I will compare the support of the miter of the steps with a hip rafter in a roof and the supports for the steps between the handrails with common rafters. Notice that the steps are 7' in both directions to produce a 45 degree angle with the deck line.
The height of the deck off the ground is 67", in our example; you can vary yours accordingly. The main thing I would like to accomplish here is to clarify the principle of building steps with mitered returns so you can apply your own measurements to suit your individual needs. I'll use this example of a set of return deck stairs throughout this article, but the chance of your actual project being the same is very unlikely, so I'll explain how the measurements are arrived at as we go.
You can see the perimeter measurements are 20'-4" x 7'-0"; your footing will be inside of that. The top of the deck is the reference for these elevations, so measure 68 1/2" down to the top of the concrete, which is the total rise plus 1 1/2" for the thickness of the 2x8. Concrete should be a minimum of 18" below the soil, depending on the frost depth in your area. The concrete should be 12" wide with a pressure treated 2x8 bolted to the top of it, flush with the outside edge of the footing. The stringer bottoms and supports will be nailed into this 2x8 sill plate. When the concrete is smoothed off on the top, insert 1/2" x 6" anchor bolts, leaving the threads up about 2" to bolt the 2x8 down. Place them no more than 6' apart. The footings in the middle are to support posts for the stringers, the two pads are for posts under the short stringers. Don't just rely on nails holding up the stringers; they should all be supported with posts—2x4 posts are good. Any wood laid down onto concrete should be protected with a 30 pound roofing felt or sill gasket under it or the wood pressure treated.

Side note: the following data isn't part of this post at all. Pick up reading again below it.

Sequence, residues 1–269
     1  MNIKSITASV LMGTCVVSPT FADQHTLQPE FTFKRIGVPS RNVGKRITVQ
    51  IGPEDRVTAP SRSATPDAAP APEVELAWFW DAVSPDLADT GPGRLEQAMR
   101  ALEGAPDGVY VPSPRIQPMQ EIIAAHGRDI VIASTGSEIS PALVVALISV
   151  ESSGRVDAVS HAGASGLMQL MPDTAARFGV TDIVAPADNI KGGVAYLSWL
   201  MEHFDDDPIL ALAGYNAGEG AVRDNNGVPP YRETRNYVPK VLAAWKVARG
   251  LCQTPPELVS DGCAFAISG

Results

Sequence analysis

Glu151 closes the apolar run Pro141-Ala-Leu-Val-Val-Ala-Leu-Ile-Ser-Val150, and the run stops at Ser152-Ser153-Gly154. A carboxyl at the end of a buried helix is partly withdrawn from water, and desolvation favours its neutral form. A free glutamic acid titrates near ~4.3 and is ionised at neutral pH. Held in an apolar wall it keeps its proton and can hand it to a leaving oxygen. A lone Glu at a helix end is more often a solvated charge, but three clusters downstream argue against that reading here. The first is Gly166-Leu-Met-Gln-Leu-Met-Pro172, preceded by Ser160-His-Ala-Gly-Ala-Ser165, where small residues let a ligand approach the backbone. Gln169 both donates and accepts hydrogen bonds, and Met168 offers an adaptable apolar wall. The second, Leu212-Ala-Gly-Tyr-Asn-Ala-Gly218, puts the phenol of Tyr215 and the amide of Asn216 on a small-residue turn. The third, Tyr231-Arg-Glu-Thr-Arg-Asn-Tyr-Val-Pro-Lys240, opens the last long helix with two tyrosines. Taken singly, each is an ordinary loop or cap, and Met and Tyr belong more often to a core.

Under the mitered steps will be a stringer on a 45 degree. The other stringers will come off of this main one similar to jack rafters coming off a hip roof.
The rise and run ratio is 7.44/10.5 or 7 7/16"/10 1/2" on the common stringers. For the 45 degree stringers the ratio is 7.44/14.85 or 7 7/16"/14 7/8". Lay these out as shown in the article Stairs 2: How to Cut a Stair Stringer.
Here is a detail of the 45 stringer:
Lay this stringer out with 8 rises of 7.44" and 8 runs of 14.85". After laying it out and cutting it out, remember to cut it off the bottom the thickness of the tread. Measure back from the first riser 11.98" and cut off the end plumb and on a 45. This is a compound angle of 45 and square with the top. You need two stringers like this, so copy one from the other. It's important to be very accurate with this.